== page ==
Title/Author: Found in Malaysia Vol. 2/The Nut Graph
In a nutshell
Publisher: Zi Publications
ISBN 13: 978-9675-26622-5
In a nutshell
Found In Malaysia Vol. 2 consists of 50 interviews. This volume is divided into 7 sections – 1930’s right up to the 1980’s and an ‘Exclusive’ (never-before published interviews) section which include personalities such as Lillian too, Asha Gill, Khairy Jamaluddin and Baru Bian.
Throughout these pages, you’ll find Malaysian celebrities like Patrick Teoh, Daphne Iking, Mano Maniam and Harith Iskander; and politicians such as Lim Kit Siang, Ibrahim Ali and Teresa Kok sharing their stories and experiences, while comparing the then and now, and their hopes for Malaysia’s future.
What I liked
I definitely enjoyed reading the first volume more than the second because I didn’t know what to expect in the first and was pleasantly surprised by what it offered. Volume 2 shares the same concept and idea, but it has more well-known public figures as compared to the first, giving me the opportunity to know them better, in the context of ‘being Malaysian’ as opposed to being ‘famous’ or being ‘a celebrity’.
Issues that were commonly brought up in these interviews were the issue of brain drain, race and religion, and our education system. And I’d like to highlight one that is tearing us apart – race.
Once upon a time (yes, a long long time ago :P), when I used to speak fluent Bahasa Malaysia, people used to ask me, ‘You Cina ke Melayu?’ One, because I speak fluent Malay; two, because of my name, which sounded Malay too; three, my looks. My close friends were mostly Malays too. Did it bother me? Nope! Not at all. I loved them and am still keeping in touch with them now. At one point, I even tried learning Jawi from them 🙂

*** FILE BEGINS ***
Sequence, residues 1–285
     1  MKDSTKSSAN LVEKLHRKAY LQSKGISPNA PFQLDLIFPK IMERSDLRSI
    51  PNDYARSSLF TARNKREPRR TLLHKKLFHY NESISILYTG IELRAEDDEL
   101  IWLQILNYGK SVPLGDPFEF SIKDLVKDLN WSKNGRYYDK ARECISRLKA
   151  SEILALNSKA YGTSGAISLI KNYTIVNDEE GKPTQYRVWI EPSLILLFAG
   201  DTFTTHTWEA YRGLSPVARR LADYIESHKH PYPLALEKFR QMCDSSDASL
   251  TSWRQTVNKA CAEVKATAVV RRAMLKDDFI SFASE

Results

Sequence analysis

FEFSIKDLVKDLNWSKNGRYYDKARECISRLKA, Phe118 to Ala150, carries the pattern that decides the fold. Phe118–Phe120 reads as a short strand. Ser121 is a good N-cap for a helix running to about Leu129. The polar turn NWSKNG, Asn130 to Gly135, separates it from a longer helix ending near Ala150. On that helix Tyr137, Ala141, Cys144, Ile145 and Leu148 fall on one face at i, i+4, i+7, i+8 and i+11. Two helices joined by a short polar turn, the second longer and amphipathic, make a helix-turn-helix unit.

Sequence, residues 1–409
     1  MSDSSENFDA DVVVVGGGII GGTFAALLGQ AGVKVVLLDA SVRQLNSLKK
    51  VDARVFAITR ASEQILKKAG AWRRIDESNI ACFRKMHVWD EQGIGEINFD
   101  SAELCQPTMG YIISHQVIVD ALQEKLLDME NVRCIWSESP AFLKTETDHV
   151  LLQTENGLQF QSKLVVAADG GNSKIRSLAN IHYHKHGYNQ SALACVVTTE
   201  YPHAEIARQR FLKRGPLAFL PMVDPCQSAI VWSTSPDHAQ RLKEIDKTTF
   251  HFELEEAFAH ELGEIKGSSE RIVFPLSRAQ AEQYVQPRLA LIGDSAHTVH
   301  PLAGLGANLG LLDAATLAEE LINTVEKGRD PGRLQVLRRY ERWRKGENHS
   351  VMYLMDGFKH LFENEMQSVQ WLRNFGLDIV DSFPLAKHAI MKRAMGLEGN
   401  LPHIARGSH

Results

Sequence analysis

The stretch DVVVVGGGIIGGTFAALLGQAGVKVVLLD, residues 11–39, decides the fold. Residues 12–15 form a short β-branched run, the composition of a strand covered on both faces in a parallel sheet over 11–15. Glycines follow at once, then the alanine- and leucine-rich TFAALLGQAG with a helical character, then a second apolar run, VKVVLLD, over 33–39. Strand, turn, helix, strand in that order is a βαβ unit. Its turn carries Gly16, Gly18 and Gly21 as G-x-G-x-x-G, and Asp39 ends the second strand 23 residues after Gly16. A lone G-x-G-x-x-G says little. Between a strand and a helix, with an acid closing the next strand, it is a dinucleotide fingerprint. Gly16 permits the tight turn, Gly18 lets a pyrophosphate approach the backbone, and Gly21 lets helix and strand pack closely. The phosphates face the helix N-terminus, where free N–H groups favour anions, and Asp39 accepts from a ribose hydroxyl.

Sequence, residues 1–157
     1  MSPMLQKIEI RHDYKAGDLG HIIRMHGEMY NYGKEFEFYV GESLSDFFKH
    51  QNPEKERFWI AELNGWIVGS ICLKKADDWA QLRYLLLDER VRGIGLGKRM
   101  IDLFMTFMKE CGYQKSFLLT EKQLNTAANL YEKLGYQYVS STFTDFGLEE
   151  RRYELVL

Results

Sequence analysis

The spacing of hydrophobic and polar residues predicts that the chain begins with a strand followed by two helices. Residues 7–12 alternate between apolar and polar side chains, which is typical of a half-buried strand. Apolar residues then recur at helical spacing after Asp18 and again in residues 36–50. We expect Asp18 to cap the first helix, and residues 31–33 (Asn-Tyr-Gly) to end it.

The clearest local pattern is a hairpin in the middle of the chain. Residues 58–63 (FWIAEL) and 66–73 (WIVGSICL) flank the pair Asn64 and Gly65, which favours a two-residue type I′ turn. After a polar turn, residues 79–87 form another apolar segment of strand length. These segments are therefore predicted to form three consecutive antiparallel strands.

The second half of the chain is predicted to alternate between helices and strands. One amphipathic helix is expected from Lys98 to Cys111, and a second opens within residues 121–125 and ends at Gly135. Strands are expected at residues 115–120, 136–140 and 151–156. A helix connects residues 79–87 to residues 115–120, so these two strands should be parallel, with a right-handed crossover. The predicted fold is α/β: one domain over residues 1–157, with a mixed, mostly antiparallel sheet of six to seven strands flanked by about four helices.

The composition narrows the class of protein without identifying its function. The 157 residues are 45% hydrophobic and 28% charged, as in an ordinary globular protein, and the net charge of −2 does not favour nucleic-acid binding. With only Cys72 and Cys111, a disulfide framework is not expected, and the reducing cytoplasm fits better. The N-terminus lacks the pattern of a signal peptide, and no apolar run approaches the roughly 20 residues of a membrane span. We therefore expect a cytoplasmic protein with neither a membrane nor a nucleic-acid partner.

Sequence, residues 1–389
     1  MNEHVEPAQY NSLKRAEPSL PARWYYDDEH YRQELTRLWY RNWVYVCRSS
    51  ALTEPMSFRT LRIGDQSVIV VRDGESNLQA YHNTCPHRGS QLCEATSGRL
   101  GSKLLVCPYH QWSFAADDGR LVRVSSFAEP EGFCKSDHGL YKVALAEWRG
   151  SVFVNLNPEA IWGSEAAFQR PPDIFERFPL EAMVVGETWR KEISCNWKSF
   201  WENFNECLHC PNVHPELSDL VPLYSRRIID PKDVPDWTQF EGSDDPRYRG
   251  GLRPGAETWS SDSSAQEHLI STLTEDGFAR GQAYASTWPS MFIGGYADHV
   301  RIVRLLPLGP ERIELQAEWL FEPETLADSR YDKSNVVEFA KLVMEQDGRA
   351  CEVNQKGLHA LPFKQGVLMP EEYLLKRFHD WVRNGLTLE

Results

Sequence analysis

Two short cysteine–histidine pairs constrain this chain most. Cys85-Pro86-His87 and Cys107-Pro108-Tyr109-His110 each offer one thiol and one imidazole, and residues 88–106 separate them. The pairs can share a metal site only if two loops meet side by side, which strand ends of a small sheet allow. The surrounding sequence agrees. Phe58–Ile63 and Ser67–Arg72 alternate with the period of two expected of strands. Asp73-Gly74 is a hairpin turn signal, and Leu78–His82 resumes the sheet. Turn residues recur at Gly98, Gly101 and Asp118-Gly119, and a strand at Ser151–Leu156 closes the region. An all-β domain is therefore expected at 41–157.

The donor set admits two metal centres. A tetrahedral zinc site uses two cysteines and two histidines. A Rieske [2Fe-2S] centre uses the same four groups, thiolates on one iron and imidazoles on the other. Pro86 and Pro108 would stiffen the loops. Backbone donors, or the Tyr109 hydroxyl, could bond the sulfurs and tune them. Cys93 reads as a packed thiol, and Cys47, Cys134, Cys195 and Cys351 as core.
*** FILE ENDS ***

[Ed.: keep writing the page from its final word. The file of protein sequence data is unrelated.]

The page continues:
So, I believe when Mano Maniam said, “It is true when people say that we grew up in a time when it (race) didn’t matter one bit.”
But today, a child as young as 7 years old can tell me, “Teacher, I don’t want to work with him.” When I asked him why, he answered, to my horror, “He’s Malay.” Appaling, isn’t it? He’s only a kid, and already he’s telling me this? What would become of him later when he’s older? Would dislike turn to hatred? What would happen then? I shudder at this thought.
I enjoyed reading a couple of interviews such as those with Datuk Dr. Dionysius Sharma, Reza Salleh and Datin Mina Cheah-Foong. I thought they were frank and weren’t afraid to speak their mind.
Datuk Dr. Dionysius Sharma reminisced those days when race didn’t matter, when children then, put wealth, race, culture and religion aside. A friend of mine shared me a story of a 7 year old child, who told his mom (who worked really hard to get him into a private school) not to drop him off in front of his school because it’d embarrass him as his friends’ parents all drive luxurious cars, and his mom only drives a Proton.
Reza Salleh spoke disapprovingly of how we contradict ourselves when “We talk about losing touch with our culture and heritage, but we tear down heritage sites and our forests”, about how ridiculous it is to ban animated movies about Moses just because we think the people’s faith will be shaken and how disappointing it is to see religion being used as a tool to control and judge people.
Datin Mina Cheah-Foong had a slightly different take on the kind of Malaysia she wants to see for herself and future generations. She wants us to be comfortable saying who we are – Indian, Chinese, Malay or Dan Lain-Lain, and ‘not to be all hung up about it’. She wants a Malaysia where its people are able to acknowledge our differences and to accept them.
While Chong Ton Sin on the other hand said, “I think it’s not about not emphasising ‘I’m Chinese’ or ‘I’m Malay’. We all have our traditions and beliefs, it’s true. I think the younger generation knows this. But there are politicians, especially from the Barisan Nasional and Umno, who use politik perkauman to influence young people still. Otherwise, our young people would be happy living together.”
Different views and opinions aside, I think at the end of the day, we all want peace and equality. Easier said than done, isn’t it? But I do know of many Malaysians who care, who walk the talk and do their part to make this country a better place to live in. To you, I thank.
I highly recommend this if you haven’t yet bought Volume 1. If not, get Volume 2 and own its complete series.